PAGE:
Joachim Trier’s second feature, Oslo, August 31st (Oslo, 31. august) opens with fragments of a life that its lead character is unable to seize. Anders, who we follow over 24 hours, can perceive nothing but fragments, as he tries to make contact with a world that is alien to him. Perception is indeed at the heart of this loose adaptation of Le Feu follet (1931), by French novelist Pierre Drieu la Rochelle. Instead of trying to express the pain of the 34-year-old addict-in-rehab, the film succeeds in allowing the spectator to actually perceive what he is perceiving, and understand that, in Anders’ despair, those bits and pieces of an existence he feels estranged from can stab like knives.
The enthralling sound design, cinematography, and image and sound editing, make the identification with the protagonist’s senses not only natural, but also beautiful and melancholy. Repetitions, unsynchronized and juxtaposed sound, loose phrases standing out distinctly among the noise, glimpses of passerby’s private lives… everything is arranged according not to a logical narrative but to Anders’ subjectivity. However, this does not convey some romantic fascination: the empathy provoked by Trier’s careful dramatic construction implies neither pity nor love for the character. He is a complex, self-destructive hero with a lucid comprehension — and the consequent guilt — of the harm he unavoidably does to others.
Actor Anders Danielsen Lie gives life gracefully to a character that can only look at death. The risk taken by adhering so closely to his point of view could have easily resulted in self-indulgence, but, on the contrary, it eventually prevents the sentimentalism and commiseration of an external gaze. Anders despises himself, and we feel that as much as we feel his pain. He despises himself for what he is and for what he is not. While his peers are settling into their family lives, he is progressing in his drug rehabilitation treatment. He has in fact been given an exceptional night leave, and we initially find him returning to the clinic after spending the night with his ex-girlfriend. That day he will take an extra step: he will go downtown for a job interview. It will be the occasion to see a few close people, to observe the strangers, and to feel, stronger than ever, that he can no longer belong to the society and even to the city he must prepare to go back to.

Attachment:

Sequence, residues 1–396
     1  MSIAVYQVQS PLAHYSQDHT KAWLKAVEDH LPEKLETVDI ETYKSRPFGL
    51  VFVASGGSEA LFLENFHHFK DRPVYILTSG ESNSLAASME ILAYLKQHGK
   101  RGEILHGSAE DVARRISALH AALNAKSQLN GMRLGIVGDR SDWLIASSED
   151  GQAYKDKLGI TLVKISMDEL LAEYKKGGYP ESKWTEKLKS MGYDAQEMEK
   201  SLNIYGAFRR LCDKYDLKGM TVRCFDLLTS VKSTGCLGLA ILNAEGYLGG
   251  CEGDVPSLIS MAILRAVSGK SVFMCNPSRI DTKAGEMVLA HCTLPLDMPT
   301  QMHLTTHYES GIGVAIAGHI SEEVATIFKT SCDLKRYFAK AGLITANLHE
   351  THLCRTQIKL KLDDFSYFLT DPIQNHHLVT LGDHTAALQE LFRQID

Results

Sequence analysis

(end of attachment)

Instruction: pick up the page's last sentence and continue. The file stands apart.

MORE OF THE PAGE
One of the first songs to appear in a relatively dense — never gratuitous — soundtrack is when Anders takes a taxi into town. The widely recognizable fragment of “I’ve Been Losing You”, a 1986 song by Norwegian pop band A-Ha, speaks of despair, of having lost one’s way. It also adds to the nostalgic feeling of the film’s initial images, the evocation of memories of that same city but from another time. It is quickly clear that, for Anders, the place where he is at present is no more than the abstract ghost of what it used to be.
From its very title, Oslo, August 31st speaks of a suspended present, of a here and now. But, as the novel’s title suggests (a “feu follet” is an ignis fatuus), it is a fleeting, unseizable and uncertain present. Anders knows this better than he knows anything else, because he can feel it. He knows he has nothing to cling on to. Where the others see hope in his recovery, he sees only incertitude lying beyond that ephemeral here and now. Joachim Trier does not need to explain or expose anything. He just needs to make us glide, with the great help of Danielsen Lie, into Anders’ troubled soul.
© FIPRESCI 2012